To negotiate 1,000 hours of archive programming (from an archive with over 1 million hours) available online for streaming it took the BBC around 6,500 person hours to check 1,000 hours of programming for rights implications and the archive trial team subsequently had to obtain permission for use from about 300 individual or collective rights holders. The BBC said: The trial data suggests [sic] that administrative costs of clearing the entire archive would be prohibitively expensive. We estimated that it would take 800 staff around three years to clear the entire BBC archive at a total cost of £72 million (equivalent to about 2% of the BBC’s annual licence fee income).
The BBC also spoke about the difficulty in clearing Doctor Who for digital use; a similar experience shared by the ABC
In 2008, NHK selected 1000 hours from its television archive. NHK estimated it would take a team of 20 people working full-time for eight months to clear this material.
While the ABC has not formally assessed the likely costs and effort required to clear the underlying rights in significant portions of its archive for digital use, these figures are broadly consistent with the Corporation’s experience. The costs of such clearances include both administrative costs and the actual licensing costs, which vary considerably across genres and need to be determined on a case-by-case basis. As a result, the ABC’s digitisation of its archive has been almost entirely confined to: (a) digitisation for preservation purposes, which does not necessarily require the clearance of underlying rights; (b) digitisation of content, such as news footage, that is ABC-owned and thus requires minimal clearance; and (c) digitisation for use in ABC Commercial products that are able to recoup the rights clearance costs through sales revenue.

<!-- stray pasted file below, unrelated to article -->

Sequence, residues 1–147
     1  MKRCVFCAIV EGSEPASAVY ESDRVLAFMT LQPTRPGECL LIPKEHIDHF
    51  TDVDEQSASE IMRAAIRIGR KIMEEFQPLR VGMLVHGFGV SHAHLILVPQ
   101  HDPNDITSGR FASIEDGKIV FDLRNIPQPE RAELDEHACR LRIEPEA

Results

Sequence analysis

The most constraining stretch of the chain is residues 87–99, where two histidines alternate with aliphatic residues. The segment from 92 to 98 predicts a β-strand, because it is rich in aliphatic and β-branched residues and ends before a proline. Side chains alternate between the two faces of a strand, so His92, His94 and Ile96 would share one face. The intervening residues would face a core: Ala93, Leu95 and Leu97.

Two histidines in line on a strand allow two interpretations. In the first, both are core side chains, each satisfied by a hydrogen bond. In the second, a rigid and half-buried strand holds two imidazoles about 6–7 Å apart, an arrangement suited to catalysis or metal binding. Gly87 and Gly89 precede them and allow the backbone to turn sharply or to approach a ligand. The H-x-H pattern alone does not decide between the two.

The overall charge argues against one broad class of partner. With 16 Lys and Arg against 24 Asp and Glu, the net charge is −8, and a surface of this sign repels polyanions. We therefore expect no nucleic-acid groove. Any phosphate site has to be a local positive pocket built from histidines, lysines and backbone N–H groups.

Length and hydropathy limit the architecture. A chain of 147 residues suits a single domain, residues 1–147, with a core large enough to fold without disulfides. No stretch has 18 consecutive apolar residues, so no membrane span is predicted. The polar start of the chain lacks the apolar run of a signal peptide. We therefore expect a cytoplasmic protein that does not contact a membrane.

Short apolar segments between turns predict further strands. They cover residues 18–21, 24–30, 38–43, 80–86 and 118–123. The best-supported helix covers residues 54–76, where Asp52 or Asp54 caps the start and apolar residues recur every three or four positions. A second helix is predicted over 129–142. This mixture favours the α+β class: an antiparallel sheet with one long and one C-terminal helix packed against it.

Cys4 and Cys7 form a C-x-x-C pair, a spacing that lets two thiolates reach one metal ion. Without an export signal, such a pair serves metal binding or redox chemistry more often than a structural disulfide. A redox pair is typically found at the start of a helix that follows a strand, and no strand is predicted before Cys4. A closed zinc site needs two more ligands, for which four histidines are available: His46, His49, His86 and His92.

In terms of testimony, Monique Potts said:
Within Innovation we have been exploring new publishing models where we can add value to existing broadcast content for niche audiences such as the education platform ABC Splash, where we are adding educational and curriculum information to a library of short form media content. The process of clearing rights for this content to be used online is a very manual and time consuming process and means the amount of content we can publish is much more limited. Any way of simplifying the number or range of rights holders and payments required to clear rights for this content would help to be able to reuse broadcast content efficiently across a range of digital platforms. The process of clearing archival material to make available online is very time consuming and difficult and means only a very small proportion of the available ABC archive can be made available for Australian audiences.
Robert Hutchinson said:
We were able to release Wild Side, Janus and Phoenix on DVD, but clearances got in the way of the digital release. It got way too hard, and one of the writers had disappeared.
So, will the Productivity Commission toss a bombshell into the politics of 2016 by picking up on the ABC’s needs and recommending that the copyright law be changed AND that more money be spent? By extension the ABC’s needs are, broadly, those of all the film preserving bodies. However, given its difficult relationship with Malcolm Turnbull and the cronies/heavies and climate change deniers who sit behind him and rail away daily at what the ABC gets up to it’s hard to see the ABC wanting to pick a fight on this issue.
Up to others.